The bile entering the common duct flows either into the gallbladder for temporary storage, or is emptied directly into the small intestine via the distal common bile duct; it is about equally divided between these two destinations. While residing in the gallbladder, much of the water is transported out (going into the blood stream), and the remaining material becomes highly concentrated. Consuming foods triggers certain hormones (e.g. cholecystokinin and secretin) and nerve signals that cause the gallbladder to contract while a sphincter at the end of the bile duct (sphincter of Oddi) relaxes, so that a large portion of the concentrated bile in the gallbladder is quickly dumped into the small intestine.

The bile mixes with food and solubilizes the fats. Bile salts essentially function like soap to dissolve the fats (so that they are not in clumps), leaving them to be readily absorbed and exposing them to enzymes (e.g., lipases discharged by the pancreas) that break down any of the fats that are in complex form. Aside from caloric fats, the bile also solubilizes other fatty nutrients, such as vitamins A, D, and E. Most of the bile salts in the intestines are recycled: they are absorbed through the intestine wall and eventually make it back to the liver and then into to the biliary ducts. It is estimated that bile salts are recycled 10-12 times per day. Some of the bile salts are excreted or broken down by intestinal bacteria.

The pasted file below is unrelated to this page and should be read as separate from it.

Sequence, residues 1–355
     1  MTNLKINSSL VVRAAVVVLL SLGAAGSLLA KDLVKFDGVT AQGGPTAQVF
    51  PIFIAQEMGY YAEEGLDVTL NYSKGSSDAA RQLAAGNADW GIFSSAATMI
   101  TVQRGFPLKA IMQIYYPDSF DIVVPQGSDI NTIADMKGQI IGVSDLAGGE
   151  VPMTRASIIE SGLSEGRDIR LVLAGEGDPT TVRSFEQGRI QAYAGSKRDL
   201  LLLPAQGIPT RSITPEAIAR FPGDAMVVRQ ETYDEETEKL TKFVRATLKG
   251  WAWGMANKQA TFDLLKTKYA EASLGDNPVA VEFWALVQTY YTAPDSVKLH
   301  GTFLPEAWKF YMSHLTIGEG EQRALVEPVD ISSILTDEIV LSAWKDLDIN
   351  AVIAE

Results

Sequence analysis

Impairments to the flow of bile can arise from damage to the hepatocytes (e.g., with liver diseases); obstructions in the ducts or gallbladder; and dietary habits that might adversely affect emptying of the gallbladder. Among the adverse consequences from any such disruption of bile flow are digestive disorders due to fats being inadequately solubilized and absorbed (symptoms can include nausea, gas, and loose stool), formation and growth of gallstones (with abdominal pain and possible need for surgery), and liver damage (due to stasis of flow in the ducts).